Communications: Film-makers give their time for free

Television production companies have donated time and money worth more than £500,000 to make a series of short films highlighting the contribution made by volunteers to 26 small charities.

The films are between three and five minutes long and were made as part of the Media Trust's Volunteer Films initiative, now in its second year.

They will be screened over four episodes on the Community Channel during Volunteers' Week, which begins tomorrow.

Prajna Khanna, a freelance producer, made a film for Roko Cancer to raise awareness of the risk of breast cancer among women in the south Asian community. "I'm of Asian descent, so I know that Asian women will talk about a broken leg, or even other types of cancer - but they won't talk about breast cancer," she said.

"I thought it might be difficult to put together a crew of people who were willing to work for free, but that was the easy part. The tricky bit was getting women to talk openly about their experiences."

Roko Cancer had no experience of dealing with the media and wasn't really sure about what would and wouldn't work. "It wanted us to focus on people dying of cancer, but we wanted to make it more positive," said Khanna.

When producer Richard Scrase volunteered to make a film for Blue Ventures, the marine conservation charity took the unusual step of giving him a completely free rein to make the film he wanted to make.

Richard Nimmo, managing director of Blue Ventures, said: "Richard filmed at our project in Madagascar. We had no reason to fear what he was doing because we are very proud of the work we do and have a good relationship with the local community."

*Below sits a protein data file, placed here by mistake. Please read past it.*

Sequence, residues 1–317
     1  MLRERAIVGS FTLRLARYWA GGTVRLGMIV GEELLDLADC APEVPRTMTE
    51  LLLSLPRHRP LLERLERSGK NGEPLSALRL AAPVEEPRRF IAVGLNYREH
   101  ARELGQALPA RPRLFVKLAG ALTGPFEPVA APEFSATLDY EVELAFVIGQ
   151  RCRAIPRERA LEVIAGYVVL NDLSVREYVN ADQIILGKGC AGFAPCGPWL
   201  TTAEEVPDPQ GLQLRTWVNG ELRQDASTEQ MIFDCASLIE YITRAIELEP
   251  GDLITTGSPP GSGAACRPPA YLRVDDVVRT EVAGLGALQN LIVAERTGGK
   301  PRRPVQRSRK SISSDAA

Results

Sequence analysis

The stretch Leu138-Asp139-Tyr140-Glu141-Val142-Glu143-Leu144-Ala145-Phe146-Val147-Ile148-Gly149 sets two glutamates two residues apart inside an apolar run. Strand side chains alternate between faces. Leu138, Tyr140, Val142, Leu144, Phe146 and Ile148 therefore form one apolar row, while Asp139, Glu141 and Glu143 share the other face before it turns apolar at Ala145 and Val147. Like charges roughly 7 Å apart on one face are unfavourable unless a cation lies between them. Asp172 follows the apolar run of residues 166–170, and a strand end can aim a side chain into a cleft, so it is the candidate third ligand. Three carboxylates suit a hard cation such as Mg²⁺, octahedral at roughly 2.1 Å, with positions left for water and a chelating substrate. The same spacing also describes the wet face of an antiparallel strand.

Scrase made a longer documentary about Blue Ventures' work in Madagascar, which he then edited to make a shorter film for the Community Channel.

"I spent a lot of time talking to the local people," he said. "I wanted to know what they really thought of Blue Ventures' work.

"For a conservation charity to have a real impact, it needs to change people's attitudes. Otherwise, when the project comes to an end, things will go back to the way they were before.

"I discovered that the charity works in collaboration with local people and made a film that I hope will be used as an educational tool to set up other conservation projects."

Scrase had a positive experience making the film, but remains unsure whether he would repeat it.

"I might consider doing something like this again if I was able to get my basic expenses covered," he said. "This time, I paid for the flight myself."

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